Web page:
My Lords, as always it is a pleasure to follow the noble Lord, Lord Tyler, and particularly so on his birthday. I should like to take this opportunity to wish him many happy returns. I am surprised, though, that in his interesting history of the previous Government's legislation in this area he omitted to mention that the Political Parties and Elections Act 2009, to which my noble and learned friend Lord Falconer referred, was agreed as being the best way forward by the Conservative Front Bench in opposition and by the Liberal Democrat Benches in opposition. We have still not had any explanation of why that agreement has been ditched and we have to spend the time of this House and the other place on this new legislation. Perhaps he will return to that in due course and explain to those of us who are still mystified by it exactly why that was the case.
I support these amendments, which have been so ably spoken to by my noble and learned friend Lord Falconer. They all go to mitigate what many of us think are the risks of a decline in levels of registration as a result of this legislation. There is no certainty that the levels will decline, but we feel that there is a risk of that. We do not know whether the Government agree because so far they have studiously avoided saying whether they think there is any risk, but what we do know is that they are commendably committed to a comprehensive register. They have said that many times and I think we all agree on that. We also know that, again commendably, they are bringing forward a number of measures to that end, and they have the support of almost everyone in the House for those measures. But what we have also learnt is that they seem to feel that a level of registration of 85% to 87%-in other words where there would be 6 million people who would be eligible to vote but who would not be on the register-is a level of completeness that, in the words of the noble Lord, Lord Wallace, in an email to me, is, "as complete as is reasonably possible". That at least indicates that they think there is some considerable difficulty in achieving a truly comprehensive register. We do not know exactly why the Government will not say whether they think there is any risk of a decline in levels of registration as a result of this legislation. It may be because they actually think that there is no such risk but that it would be imprudent for a Government to commit themselves in that way. It may be that they have done some work which shows that there are considerable risks inherent in the legislation, but again they do not want to tell us.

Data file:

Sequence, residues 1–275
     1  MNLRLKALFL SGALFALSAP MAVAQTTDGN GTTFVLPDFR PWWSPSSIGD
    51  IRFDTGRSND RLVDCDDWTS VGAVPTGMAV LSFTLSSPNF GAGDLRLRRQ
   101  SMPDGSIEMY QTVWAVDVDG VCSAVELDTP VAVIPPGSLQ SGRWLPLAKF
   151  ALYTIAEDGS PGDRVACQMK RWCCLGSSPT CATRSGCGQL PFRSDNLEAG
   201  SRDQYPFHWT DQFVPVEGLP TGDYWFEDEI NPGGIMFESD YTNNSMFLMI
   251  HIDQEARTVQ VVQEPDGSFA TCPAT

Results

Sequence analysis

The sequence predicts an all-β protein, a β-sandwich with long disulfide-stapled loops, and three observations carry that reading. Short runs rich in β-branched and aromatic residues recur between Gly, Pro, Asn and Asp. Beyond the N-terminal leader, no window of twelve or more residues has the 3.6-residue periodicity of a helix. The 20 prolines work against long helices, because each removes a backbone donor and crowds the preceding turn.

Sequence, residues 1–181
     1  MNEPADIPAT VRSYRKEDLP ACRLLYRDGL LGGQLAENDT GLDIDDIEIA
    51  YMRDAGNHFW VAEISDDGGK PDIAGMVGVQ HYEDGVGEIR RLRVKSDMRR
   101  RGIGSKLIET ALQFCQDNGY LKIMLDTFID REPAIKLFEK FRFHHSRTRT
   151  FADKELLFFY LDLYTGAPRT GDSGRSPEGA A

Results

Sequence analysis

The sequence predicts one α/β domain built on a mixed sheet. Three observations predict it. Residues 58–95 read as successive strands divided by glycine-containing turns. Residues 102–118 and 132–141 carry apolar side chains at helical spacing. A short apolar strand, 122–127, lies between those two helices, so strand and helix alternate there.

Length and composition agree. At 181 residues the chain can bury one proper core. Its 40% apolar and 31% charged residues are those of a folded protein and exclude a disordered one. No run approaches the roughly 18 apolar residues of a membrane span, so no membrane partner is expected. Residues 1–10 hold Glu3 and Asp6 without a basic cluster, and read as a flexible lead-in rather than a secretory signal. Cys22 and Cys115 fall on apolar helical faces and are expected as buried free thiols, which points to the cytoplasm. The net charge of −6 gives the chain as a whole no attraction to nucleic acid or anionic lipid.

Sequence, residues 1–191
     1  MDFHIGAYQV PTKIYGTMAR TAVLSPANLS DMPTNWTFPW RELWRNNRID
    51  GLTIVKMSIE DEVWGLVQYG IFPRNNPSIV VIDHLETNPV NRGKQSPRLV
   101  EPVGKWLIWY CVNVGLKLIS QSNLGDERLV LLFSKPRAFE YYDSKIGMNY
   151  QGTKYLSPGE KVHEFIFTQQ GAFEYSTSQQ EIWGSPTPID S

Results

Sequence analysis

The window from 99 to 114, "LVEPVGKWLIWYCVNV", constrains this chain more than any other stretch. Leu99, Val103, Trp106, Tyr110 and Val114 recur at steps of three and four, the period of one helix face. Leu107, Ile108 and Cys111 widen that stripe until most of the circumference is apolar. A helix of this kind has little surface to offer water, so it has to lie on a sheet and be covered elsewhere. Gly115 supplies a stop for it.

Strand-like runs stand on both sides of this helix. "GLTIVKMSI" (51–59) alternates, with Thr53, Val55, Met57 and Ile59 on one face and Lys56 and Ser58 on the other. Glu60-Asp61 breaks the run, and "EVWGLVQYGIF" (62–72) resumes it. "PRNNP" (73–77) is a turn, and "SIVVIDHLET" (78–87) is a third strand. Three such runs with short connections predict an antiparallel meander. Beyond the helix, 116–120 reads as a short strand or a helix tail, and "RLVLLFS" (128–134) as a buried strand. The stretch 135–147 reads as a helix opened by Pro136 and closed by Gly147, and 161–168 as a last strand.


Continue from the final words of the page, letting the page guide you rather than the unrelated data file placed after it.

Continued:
Governments are not infallible. Amendment 36, which I particularly support, offers Parliament the opportunity to assess the Government's record in this area. This amendment would commit not only this Government but subsequent Governments. This Government may not be in power after 2015 so this amendment would commit a future Labour Government to bring before Parliament the opportunity to scrutinise levels of registration and, if necessary, to produce remedial measures. I think Parliament should have that opportunity.
This is not a minor technical matter, although some of the details are technical; it is about the very wiring of our democracy. The outcome of general elections depends on electoral registration. There are worries on this side of the House that this legislation, coupled with the PVSC Act, will lead to partisan outcomes in levels of electoral registration. These are important issues and Parliament ought to have the opportunity to scrutinise them regularly.
The Minister may say that the Electoral Commission will do its usual good job in bringing forward annual reports on the state of electoral registration and then it may be for Parliament to discuss the matter if it so wishes, but I hope that the Minister will not rely on such an argument. That would be to downplay the importance of this issue and the risks inherent in this legislation. I hope that the Government can agree with what is actually a modest amendment and allow Parliament the opportunity to scrutinise levels of registration on an annual basis.